Tag Archives: socialized medicine

Grasping Government Gags

Add this to the heaping mountain of evidence against the Government controlling anything:

In Network World magazine issue May 4th, 2009 (hardly the political rag), Johna Till Johnson writes “Of subways, gov’t subsidies and broadband“. She begins with a question posed, by implication, from a friend of hers:

“Governments do a good job running subways — so why not the Internet”

Johna opens the pages of history showing that the New York City public transportation systems began as private enterprises operating for profit.

There were three independent companies competing for fares and riders.

Innovation and growth were paramount and service was excellent.

The entire system was flash-frozen, as it were, by the stock market crash of 1929. The for-profit systems went bankrupt and the city bought them all out.

The subway map circa 2009 is extremely similar to the subway map of 1924.

Since the government takeover, without competition, innovation and growth haven’t occured. At all.

(M)illions of folks who live and work in New York have had access to a more-or-less reliable, more-or-less affordable form of transportation for the past 80 years.

But prices have risen, ridership has stagnated, and there is no such thing as a realistic or even probable plan for further development.

Johna is talking about the government taking over the internet:

Sanford-Bernstein’s Craig Moffatt’s conclusion? “Broadband is today’s transportation grid. … The story of the subways highlights the fundamental trade-offs between competition – and its inherent sloppiness and redundancy – and nationalization (or, in this case, municipalization), with its inherent stagnation.”

But what about medicine and healthcare? With the government controlling all healthcare costs, it will control all medicine, period.

The greatest strength in American medicine is it’s relentless and constant innovation.

With government control we may have relatively reliable (or at least an expected level of non-service) medical care for existing conditions.

But what about future conditions?

What about the disease little Johnny is supposed to find the cure for in 50 years?

With government control the urge to control all but the corrupted costs will be as relentless as the innovation is today, and Johnny will be told his medical research isn’t cost-effective.

And the conditions we currently consider untreatable but with promising new developments may soon be, will be simply: untreatable.

Government does not fix things, it breaks things.

Government doesn’t innovate, it retrogrades.

Government doesn’t manage, it controls.

Nothing government controls ever flourishes, besides itself.

You Read It Second Here: H1N1 & Big Brother Medicine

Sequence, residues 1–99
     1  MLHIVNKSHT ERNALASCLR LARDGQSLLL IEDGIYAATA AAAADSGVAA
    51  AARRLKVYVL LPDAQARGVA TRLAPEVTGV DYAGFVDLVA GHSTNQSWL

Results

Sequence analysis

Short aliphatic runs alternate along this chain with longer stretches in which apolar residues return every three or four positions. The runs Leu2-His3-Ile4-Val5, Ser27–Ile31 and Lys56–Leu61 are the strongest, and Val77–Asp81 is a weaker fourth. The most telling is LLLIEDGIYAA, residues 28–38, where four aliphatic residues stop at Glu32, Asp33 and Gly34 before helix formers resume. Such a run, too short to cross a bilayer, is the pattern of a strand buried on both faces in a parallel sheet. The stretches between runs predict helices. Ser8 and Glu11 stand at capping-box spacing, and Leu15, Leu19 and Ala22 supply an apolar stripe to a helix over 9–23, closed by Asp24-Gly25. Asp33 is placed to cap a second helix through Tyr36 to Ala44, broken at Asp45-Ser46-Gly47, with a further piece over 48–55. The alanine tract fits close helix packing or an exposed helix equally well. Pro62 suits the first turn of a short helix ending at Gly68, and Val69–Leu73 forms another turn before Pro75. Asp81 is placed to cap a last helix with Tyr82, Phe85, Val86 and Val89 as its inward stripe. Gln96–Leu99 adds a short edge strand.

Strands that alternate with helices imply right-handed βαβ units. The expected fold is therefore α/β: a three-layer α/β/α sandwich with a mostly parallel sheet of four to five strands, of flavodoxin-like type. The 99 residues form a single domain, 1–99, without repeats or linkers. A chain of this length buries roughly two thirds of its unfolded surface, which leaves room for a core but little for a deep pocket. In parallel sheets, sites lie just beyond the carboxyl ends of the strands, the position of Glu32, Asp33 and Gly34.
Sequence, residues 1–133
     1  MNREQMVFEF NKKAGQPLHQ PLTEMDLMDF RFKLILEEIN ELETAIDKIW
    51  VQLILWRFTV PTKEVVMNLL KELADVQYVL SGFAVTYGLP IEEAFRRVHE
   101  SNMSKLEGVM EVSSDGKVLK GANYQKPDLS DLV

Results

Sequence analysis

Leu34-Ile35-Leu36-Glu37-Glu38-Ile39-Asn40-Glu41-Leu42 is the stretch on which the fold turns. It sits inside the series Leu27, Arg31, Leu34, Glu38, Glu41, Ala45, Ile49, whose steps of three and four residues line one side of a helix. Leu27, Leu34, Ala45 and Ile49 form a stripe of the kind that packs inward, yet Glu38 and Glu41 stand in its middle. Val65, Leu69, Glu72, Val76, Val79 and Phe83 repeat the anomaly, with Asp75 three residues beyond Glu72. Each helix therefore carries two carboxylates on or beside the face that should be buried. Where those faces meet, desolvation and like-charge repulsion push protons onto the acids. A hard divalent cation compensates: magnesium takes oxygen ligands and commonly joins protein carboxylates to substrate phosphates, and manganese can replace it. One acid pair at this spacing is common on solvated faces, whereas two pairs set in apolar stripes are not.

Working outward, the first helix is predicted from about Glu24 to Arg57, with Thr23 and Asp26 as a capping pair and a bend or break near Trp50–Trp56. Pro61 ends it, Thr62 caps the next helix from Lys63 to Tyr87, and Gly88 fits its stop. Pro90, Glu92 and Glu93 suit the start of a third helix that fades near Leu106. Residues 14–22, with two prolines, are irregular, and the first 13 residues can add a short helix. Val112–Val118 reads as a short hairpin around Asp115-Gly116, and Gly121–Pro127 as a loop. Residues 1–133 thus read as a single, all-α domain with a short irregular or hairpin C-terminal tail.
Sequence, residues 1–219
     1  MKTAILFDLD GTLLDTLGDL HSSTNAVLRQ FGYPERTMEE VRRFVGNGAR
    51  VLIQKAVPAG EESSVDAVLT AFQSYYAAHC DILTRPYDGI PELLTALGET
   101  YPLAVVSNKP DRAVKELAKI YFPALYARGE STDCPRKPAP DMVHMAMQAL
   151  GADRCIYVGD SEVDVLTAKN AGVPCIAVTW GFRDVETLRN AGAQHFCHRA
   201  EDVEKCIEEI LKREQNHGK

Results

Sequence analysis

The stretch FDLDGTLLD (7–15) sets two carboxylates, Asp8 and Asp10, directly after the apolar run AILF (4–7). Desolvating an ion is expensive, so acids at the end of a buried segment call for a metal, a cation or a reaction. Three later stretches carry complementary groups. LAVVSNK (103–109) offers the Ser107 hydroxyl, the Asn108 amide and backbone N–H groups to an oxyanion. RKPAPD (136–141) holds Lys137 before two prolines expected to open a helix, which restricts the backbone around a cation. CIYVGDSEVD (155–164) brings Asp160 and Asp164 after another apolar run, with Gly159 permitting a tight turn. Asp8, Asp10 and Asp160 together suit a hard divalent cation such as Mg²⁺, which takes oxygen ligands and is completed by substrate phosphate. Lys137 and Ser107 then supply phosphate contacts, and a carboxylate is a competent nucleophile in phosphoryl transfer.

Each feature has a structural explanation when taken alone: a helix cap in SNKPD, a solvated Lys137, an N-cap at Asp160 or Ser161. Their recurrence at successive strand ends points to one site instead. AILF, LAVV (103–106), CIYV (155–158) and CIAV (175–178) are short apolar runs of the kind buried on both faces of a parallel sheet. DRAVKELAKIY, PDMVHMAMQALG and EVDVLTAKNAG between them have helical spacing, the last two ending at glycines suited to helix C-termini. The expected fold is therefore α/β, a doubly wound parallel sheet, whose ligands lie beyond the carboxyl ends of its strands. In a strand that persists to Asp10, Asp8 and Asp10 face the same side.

H1N1 (swine) flu isn’t all it’s cracked up to be.

Gee, it’s just aweful when the bugbear doesn’t live up the trumped up claims the media seems to want us to believe.

The Illinois Public Health Director has not drunk the koolaid:

The Illinois Department of Public Health director told state lawmakers Tuesday that it’s important to remain vigilant in the face of the H1N1 flu virus, but fears of a pandemic flu are overblown.

“We have to keep these things in perspective, look at them rationally, know what the threat is and deal with it in a rational way. We know right now that this virus is acting very similarly to the regular seasonal flu,” said Dr. Damon T. Arnold, head of the state public health agency.

“At this juncture, this virus seems to be in a mild course,” Arnold said. “We’re recommending now that for routine cases you take care of yourself at home as you would for seasonal flu.”

As ShatteredChina wrote here earlier, fear is not a reasonable response to this flu.

Yet fear is a powerful tool. Those desiring power desire a fearful populace. When someone tells you to fear, they are seeking to gain power over you.

Fear not, we are told.

An unfearful populace is a strong populace. The Christian following the most frequent admonition of God is a person who cannot be lead by whim or desire of the power-hungry.

And the kids can go back to school now.

And big brother wishes we’d die younger.

Two reasons: It’s a sure fix for the Social Security cesspool, and they can adjust the artificial, age-graded stratifications of service wherein those with greater potential determined by mathematically “fair” judgments of age and expected longevity.

Just a few of the many benefits of the new socialized medicine system President Obama and the Democrats laid the groundwork for in the big spending bills they’ve been forcing us tax payers to swallow since he entered office:

  • Reducing costs by “guiding” doctor decisions
  • Doctors surrendering autonomy and learning to operate less like sole proprietors
  • Establishes the Federal Coordinating Council for Comparative Effectiveness Research, whose goal would be to slow down new medications and techniques because these drive up costs